The decision could have nationwide implications, allowing local governments to set higher pollution standards and making some engines unusable in their areas.
The rules, adopted in 2000 and 2001 by the South Coast Air Quality Management District, were intended to replace local government diesel-fueled buses, street sweepers, trash trucks and airport shuttles with cleaner-burning models.
Counsel for the clean air agency argued that it was within its legal authority to impose stricter rules to improve air quality. Seth Waxman, representing the district, told justices the rules don't conflict with federal regulations, because they do not force manufacturers to change emission standards. They merely give guidance to fleet operators to buy cleaner-burning vehicles that are already on the market. He told the court: "They [the rules] cannot be read to require manufacturers to make anything they don't make.”
Lawyers for oil companies and diesel engine makers contend that local pollution rules in this instance conflict with the federal Clean Air Act and that federal law must prevail. Lawyers for the Engine Manufacturers Association Engine Manufacturers Association and the Western States Petroleum Association said that there would be chaos if each state or every local jurisdiction set its own standard.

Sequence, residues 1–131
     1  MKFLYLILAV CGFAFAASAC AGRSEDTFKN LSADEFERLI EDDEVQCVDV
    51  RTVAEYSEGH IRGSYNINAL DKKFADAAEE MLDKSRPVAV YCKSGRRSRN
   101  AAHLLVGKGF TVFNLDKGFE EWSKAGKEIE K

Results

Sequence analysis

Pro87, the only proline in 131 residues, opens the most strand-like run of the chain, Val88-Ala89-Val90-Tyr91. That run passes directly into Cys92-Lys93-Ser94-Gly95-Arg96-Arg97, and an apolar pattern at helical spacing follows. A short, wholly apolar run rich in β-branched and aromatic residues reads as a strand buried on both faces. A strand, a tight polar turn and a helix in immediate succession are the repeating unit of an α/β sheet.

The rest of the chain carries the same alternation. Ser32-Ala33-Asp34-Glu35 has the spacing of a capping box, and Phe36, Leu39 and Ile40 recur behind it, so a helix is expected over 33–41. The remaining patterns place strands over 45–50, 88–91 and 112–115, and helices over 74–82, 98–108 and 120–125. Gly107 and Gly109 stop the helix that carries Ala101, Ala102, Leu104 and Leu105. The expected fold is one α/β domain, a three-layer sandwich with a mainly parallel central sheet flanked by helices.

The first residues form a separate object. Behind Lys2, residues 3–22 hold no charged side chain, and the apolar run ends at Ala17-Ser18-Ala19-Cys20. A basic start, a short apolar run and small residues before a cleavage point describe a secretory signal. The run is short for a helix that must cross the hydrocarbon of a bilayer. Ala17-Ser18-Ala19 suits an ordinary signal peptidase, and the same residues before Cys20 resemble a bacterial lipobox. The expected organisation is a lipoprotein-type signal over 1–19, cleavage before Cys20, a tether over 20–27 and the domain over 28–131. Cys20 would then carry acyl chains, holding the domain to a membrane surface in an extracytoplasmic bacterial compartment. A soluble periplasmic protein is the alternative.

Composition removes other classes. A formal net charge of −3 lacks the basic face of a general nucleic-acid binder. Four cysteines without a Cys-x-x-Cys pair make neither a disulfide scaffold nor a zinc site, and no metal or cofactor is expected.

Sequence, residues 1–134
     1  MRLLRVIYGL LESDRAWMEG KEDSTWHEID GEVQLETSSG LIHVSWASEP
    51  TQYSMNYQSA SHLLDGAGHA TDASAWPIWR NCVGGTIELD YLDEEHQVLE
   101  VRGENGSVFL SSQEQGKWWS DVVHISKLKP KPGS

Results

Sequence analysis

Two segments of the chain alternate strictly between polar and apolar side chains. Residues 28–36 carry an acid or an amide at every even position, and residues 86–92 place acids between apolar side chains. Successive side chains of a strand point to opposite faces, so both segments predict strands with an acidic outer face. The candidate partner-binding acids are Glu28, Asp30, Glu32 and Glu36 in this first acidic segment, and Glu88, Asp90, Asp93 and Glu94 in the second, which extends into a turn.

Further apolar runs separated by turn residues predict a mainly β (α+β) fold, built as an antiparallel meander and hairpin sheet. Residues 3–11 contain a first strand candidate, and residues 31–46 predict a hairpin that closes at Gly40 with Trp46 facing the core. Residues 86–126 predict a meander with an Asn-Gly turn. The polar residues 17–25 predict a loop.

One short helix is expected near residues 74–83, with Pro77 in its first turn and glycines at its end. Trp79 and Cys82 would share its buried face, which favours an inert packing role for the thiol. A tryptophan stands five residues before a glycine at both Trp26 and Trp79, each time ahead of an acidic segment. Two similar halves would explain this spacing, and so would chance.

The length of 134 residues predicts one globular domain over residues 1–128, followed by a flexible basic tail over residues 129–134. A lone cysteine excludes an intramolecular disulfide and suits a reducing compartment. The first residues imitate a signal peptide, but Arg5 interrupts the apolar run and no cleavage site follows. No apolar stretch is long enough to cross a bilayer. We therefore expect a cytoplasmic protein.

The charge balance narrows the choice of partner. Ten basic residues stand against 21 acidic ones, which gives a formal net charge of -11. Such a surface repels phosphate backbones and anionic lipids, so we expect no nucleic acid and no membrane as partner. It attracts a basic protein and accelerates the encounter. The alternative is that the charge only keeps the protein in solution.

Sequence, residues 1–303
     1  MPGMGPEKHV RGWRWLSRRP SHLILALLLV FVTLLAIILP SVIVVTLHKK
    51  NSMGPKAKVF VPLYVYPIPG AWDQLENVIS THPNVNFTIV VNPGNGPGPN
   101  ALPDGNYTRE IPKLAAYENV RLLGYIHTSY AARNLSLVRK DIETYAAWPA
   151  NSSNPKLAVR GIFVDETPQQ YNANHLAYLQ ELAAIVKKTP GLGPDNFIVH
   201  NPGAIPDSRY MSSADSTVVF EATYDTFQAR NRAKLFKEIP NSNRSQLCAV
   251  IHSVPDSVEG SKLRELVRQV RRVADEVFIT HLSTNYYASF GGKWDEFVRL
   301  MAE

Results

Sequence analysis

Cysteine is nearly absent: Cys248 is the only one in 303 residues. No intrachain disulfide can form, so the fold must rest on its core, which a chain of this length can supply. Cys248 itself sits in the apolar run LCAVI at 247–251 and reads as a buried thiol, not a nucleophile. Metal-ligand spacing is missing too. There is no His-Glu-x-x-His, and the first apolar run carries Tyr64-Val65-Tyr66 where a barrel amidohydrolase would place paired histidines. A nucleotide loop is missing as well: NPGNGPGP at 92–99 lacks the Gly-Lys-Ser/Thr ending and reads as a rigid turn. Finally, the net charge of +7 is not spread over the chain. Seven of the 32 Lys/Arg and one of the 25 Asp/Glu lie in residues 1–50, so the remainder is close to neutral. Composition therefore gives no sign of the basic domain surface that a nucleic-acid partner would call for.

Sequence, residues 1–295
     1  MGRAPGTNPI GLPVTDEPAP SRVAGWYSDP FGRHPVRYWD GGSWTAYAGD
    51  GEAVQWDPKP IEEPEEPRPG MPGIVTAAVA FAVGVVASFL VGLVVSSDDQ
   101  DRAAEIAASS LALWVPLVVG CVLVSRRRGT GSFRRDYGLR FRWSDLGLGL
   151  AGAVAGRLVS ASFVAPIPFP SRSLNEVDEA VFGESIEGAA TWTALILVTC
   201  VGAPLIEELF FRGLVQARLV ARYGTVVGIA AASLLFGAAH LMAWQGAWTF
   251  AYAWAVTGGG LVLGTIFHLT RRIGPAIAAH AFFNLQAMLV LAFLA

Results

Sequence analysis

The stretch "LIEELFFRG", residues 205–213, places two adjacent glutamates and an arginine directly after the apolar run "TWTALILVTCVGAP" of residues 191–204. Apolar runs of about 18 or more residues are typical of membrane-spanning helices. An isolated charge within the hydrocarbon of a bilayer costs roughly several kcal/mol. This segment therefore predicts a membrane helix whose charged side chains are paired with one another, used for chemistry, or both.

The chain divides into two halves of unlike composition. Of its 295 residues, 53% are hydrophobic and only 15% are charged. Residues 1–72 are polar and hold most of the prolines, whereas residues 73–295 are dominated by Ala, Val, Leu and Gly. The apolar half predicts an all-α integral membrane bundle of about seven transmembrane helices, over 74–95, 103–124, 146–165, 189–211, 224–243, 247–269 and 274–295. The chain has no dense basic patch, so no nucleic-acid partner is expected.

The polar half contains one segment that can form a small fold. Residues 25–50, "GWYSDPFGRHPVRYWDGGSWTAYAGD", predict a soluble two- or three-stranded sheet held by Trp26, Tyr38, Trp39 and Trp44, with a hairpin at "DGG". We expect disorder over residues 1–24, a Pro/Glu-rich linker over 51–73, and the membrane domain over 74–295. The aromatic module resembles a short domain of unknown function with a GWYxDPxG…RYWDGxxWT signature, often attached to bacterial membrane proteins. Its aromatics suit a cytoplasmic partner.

Several industry groups involved with transportation joined EMA and WSPA in bringing the case to the Supreme Court including the Alliance of Automobile Manufacturers, American Petroleum Institute, American Trucking Associations, National Petrochemical Refiners Association, National Manufacturers Association, National Automobile Dealers Association, Truck Manufacturers Association and the United States Chamber of Commerce.
The air quality district covers parts of Los Angeles, Orange, Riverside and San Bernardino counties and is supported by the National League of Cities, other local government agencies and 16 states.
The case is Engine Manufacturers Association v. South Coast Air Quality Management District.